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Born to be Wild

The success of "American Chopper" rests not only on the beauty of the bikes the stars create but on their combative relationship as well.
Phil Scott
From the Print Edition:
Jimmy Smits, May/June 2005

(continued from page 1)

"We don't have to do much," says on-set producer Steve Nigg. "We just let the animals run around in the yard, and we get a lot of good stuff out of it."

Despite what anyone thinks, "American Chopper" is not staged. Not much of it, anyway. "Once in a while, the entry is staged; otherwise they wander in from all over the place," Nigg says. "I'd rather not talk about that if at all possible." Sometimes the crew will tag along and get footage of the Teutuls duck hunting, flying a hot-air balloon, setting fire to a wasp's nest or to some garbage in front of Senior's new house, or destroying Mikey's old car—but no one at Pilgrim schedules the hot-air balloon ride or suggests torching wasps or wooden pallets. "[The Teutuls] put a lot of hours in," Nigg explains, "so once the bike's mocked up and out for painting or chroming, they want to do something to kill time, and a fan will approach them and say, 'Do you want to do this?' Once in a while [the crew will] have one of the guys come off to the side and describe what just happened, be it a different design approach, trouble mounting a motor, or Senior blowing a gasket. They call that a 'stand-up.' That's the only narration.

"The hardest part is getting Paulie to work," says Nigg. "He's just a lackadaisical guy. He says he's not an artist, but he's the right-brained artistic type. He wanders off a lot. He wanders off and has a cigarette or gets a bug to work on a fishing pole. Mikey, he disappears for different reasons. He'll go off to watch cartoons. Paulie, there's a whole spectrum of things he does. The ADD kicks in and he wanders off."

Senior sports dark gray hair, which is neatly combed back, as is his grayer walrus mustache, which travels down to his throat, unique even for a walrus mustache. He benches 405 pounds and has two tattoos on each of his massive arms, the most notable of which are the Harley-Davidson logo, "Teutul" in calligraphy script, and another logo that says "Orange County Choppers New York." His left ear is pierced. For someone who's spent his life working with metal, he's incredibly neat and clean. Even his hands are as soft and smooth as a baby's bottom. He smiles when you bring that up.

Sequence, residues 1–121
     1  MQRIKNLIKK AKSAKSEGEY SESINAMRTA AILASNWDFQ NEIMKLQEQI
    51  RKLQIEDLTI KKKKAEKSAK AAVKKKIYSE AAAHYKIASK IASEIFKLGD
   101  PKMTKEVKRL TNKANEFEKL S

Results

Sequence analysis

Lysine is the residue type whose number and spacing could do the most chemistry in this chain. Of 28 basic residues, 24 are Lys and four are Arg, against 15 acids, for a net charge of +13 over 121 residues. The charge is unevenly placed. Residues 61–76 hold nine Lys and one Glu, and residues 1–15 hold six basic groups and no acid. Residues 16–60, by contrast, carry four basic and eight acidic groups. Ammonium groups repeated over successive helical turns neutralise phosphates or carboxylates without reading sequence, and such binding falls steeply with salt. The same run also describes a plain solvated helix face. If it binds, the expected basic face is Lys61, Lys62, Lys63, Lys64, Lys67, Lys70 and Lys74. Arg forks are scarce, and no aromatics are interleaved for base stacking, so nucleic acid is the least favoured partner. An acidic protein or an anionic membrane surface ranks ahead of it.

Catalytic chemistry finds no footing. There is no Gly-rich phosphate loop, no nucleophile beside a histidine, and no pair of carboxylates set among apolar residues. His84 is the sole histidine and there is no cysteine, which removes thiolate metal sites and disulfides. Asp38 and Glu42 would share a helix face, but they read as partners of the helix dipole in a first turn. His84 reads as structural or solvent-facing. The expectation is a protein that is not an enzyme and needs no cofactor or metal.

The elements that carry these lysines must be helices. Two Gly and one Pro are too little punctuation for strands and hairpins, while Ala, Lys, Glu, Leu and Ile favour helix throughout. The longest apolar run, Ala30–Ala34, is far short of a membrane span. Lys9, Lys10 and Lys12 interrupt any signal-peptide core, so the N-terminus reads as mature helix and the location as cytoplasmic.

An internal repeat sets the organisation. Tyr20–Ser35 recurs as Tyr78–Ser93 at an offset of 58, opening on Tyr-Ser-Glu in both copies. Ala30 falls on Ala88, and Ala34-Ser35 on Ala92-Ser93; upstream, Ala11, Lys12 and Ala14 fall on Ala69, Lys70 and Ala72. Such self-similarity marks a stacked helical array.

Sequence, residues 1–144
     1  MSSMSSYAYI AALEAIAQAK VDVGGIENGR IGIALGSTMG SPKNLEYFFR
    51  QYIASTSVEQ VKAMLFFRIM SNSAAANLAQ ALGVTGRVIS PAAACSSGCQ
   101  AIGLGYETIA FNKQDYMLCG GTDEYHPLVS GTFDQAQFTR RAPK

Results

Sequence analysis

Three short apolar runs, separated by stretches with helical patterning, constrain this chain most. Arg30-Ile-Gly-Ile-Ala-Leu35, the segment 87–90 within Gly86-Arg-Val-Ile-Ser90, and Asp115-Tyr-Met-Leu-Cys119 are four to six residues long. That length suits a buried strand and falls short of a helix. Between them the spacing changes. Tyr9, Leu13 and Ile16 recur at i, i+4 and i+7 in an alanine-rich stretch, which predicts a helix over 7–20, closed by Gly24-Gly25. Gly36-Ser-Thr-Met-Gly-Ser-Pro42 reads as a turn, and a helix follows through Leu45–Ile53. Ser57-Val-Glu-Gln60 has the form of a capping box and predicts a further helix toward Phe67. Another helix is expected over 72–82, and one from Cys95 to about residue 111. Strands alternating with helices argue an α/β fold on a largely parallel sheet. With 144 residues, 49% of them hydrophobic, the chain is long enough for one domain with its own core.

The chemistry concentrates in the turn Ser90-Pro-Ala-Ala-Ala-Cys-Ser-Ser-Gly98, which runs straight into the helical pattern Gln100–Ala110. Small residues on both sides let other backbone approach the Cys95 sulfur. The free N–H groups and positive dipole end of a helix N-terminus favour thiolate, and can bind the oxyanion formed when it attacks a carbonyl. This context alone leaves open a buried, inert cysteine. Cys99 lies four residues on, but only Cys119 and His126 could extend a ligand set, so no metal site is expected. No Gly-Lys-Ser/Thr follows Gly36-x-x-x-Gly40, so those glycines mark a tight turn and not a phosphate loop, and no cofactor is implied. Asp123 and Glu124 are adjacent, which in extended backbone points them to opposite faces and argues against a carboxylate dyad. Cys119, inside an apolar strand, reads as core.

"Absolutely," he says. "I, uh, to be honest with ya, I spend more time on the business side of things. You know what I hate? When you get metal splinters. Those things don't come out." Senior's guarded. He usually gives clipped, short replies and has a couple of verbal tics, like answering questions with "Absolutely," beginning sentences with "To be honest with ya," and interrupting an explanation with "You know what I'm saying?" He also stutters whenever he's frustrated and beginning to heat up. "But Senior also wears his heart on his sleeve," Nigg explains. "He'll start crying in the right situation."

The road to "American Chopper's" success was paved by another show on the Discovery Channel. In 2002, the network had achieved phenomenal ratings with a series that chronicled the work of Jesse James, a colorful character famous not for his gunslinging, but for his custom-motorcycle business, West Coast Choppers. That year, his "Monster Garage" show pulled in 1.5 million viewers per episode, strong numbers for cable television, and the network, known for its animal documentaries and home-decorating-tip programming, was ravenous for more of the same higher-rated formula. Think NBC's "Law & Order," from which the network spawned "Law & Order: Criminal Intent," "Law & Order: Special Victims Unit" and "Law & Order: Trial by Jury." Instead of West Coast chopper building, the proposed new program would be about chopper building from the East Coast.